We were not able to purchase tickets ahead of time to tour the Ten Boom “Hiding Place,” so arrived plenty early to stand in line. It’s really surreal to find yourself standing right next to the shop.
Casper ten Boom taught his daughter, Corrie, the intricacies of watch repair. She said:
Father eagerly took on the job of teaching me. I eventually learned the moving and stationary parts, the chemistry of oils and solutions, tool and grindwhuel and magnifying techniques. But Father’s patience, his almost mystic rapport with the harmonies of watchworks, these were not things that could be taught. Wristwatches had become fashionable and I enrolled in a school that specialized in this kind of work. Three years after Mama’s death, I became the first licensed woman watchmaker in Holland. And so was established the pattern our lives were to follow for over twenty years. When Father had put the Bible back on its shelf after breakfast, he and I would go down the stairs to the shop while Betsie stirred the soup pot…There was a constant procession through this little back room. Sometimes it was a customer; most often it was simply a visitor–from a laborer with wooden klompen on his feet to a fleet owner–all bringing their problems to Father. Quite unabashedly, in the sight of customers in the front room and the employees working with us, he would bow his head and pray for an answer. He prayed over the work, too…I would hear him say: “Lord, You turn the wheels of the galaxies. You know what makes the planets spin and You know what makes this watch run…” Through the years he took his stopped watches to “the One who set the atoms dancing,” or “who keeps the great currents circling through the sea.” –Corrie ten Boom, The Hiding Place, pg. 69-70
When Holland was invaded by the Nazis, the shop was busier than ever:
For five days Holland held out against the invader. We kept the shop open, not because anyone was interested in watches, but because people wanted to see Father. Some wanted him to pray for husbands and sons stationed at the borders of the country. Others, it seemed to me, came just to see him sitting there behind his workbench as he had for sixty years and to hear in the ticking clocks a world of order and reason. –Ibid, pg. 80
In this group of photos in the house you can see Casper ten Boom, beloved father of Corrie, Betsie, Nollie and Willem (their mother, Cornelia, had passed away in 1921). He was a devout and generous Christian who opened his heart and home to all who passed his way. They took in dozens of foster children through the years. In addition, Willem, Casper’s father, had started a weekly prayer group here in 1844 to pray for Jews and for the peace of Jerusalem; this prayer group continues to this day. 100 years later their home would become a hiding place for Jews. When the Nazis began requiring all Jews to wear the yellow Star of David, Casper voluntarily wore one, too. Corrie held worship services for disabled children for twenty years. They strongly believed that all people were equal before God.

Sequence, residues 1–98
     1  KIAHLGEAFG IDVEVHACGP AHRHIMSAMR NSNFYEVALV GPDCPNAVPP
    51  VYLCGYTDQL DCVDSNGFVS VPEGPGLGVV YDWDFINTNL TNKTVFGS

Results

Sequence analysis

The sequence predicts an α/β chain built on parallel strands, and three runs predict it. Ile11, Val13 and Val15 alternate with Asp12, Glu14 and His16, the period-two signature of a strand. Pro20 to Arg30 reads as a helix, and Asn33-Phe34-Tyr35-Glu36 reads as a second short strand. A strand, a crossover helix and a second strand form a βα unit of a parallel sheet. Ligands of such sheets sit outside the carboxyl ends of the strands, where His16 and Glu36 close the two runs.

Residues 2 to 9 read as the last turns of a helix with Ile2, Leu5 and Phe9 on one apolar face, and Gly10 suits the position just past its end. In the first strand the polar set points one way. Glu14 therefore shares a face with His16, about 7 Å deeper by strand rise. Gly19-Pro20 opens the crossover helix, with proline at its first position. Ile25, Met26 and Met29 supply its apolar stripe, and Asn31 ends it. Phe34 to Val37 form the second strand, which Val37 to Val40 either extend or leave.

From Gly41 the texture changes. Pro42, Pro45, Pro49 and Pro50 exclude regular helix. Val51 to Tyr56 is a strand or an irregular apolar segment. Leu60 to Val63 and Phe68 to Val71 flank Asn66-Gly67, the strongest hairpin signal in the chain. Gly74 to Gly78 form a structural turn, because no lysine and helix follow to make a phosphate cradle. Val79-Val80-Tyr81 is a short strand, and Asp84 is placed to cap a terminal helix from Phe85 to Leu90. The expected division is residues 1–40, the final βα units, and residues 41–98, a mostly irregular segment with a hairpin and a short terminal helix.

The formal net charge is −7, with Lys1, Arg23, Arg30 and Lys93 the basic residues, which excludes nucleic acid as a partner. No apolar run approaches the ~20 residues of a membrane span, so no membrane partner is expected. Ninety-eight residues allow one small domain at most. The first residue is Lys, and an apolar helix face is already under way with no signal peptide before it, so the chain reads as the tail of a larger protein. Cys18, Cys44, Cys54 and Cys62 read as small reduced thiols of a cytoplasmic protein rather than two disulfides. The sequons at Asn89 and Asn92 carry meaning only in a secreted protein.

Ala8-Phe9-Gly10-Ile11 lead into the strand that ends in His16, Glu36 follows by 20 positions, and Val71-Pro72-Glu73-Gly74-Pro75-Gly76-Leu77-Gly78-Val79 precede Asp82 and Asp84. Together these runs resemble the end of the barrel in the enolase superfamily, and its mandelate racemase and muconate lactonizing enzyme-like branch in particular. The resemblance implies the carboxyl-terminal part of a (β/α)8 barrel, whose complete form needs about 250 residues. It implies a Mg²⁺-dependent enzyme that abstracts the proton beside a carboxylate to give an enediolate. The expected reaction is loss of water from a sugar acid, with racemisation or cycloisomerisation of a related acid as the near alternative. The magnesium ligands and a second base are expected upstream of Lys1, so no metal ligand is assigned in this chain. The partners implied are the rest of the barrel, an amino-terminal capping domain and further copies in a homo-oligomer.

It was not long for the home to become a place of refuge for Jews during the holocaust; in fact, over 800 people came through this home, as a way station to other points, and for others it was a long-term home of refuge. The small “Alpina” advertisement sign was placed in the widow to tell underground workers when it was safe to enter.
Here we were, about to enter the same door in the alleyway. Amazing.
Corrie described what it was like in those early days of occupation:
The true horror of occupation came over us only slowly. During the first year of German rule, there were only minor attacks on Jews in Holland. A rock through the window of a Jewish-owned store. An ugly word scrawled on the wall of a synagogue. It was as though they were trying us, testing the temper of the country. How many Dutchmen would go along with them? And the answer, to our shame, was many…One day as Father and I were returning from our walk we found the Grote Markt cordoned off by a double ring of police and soldiers. A truck was parked in front of the fish mart; into the back were climbing men, women, and children, all wearing the yellow star. There was no reason we could see why this particular place at this particular time had been chosen. “Father! Those poor people!” I cried. The police line opened, the truck moved through. We watched till it turned the corner. “Those poor people,” Father echoed. But to my surprise I saw that he was looking at the soldiers now forming into ranks to march away. “I pity the poor Germans, Corrie. They have touched the apple of God’s eye.” We talked often, Father, Betsie, and I, about what we could do if a chance should come to help some of our Jewish friends. –Ibid, pg. 84-85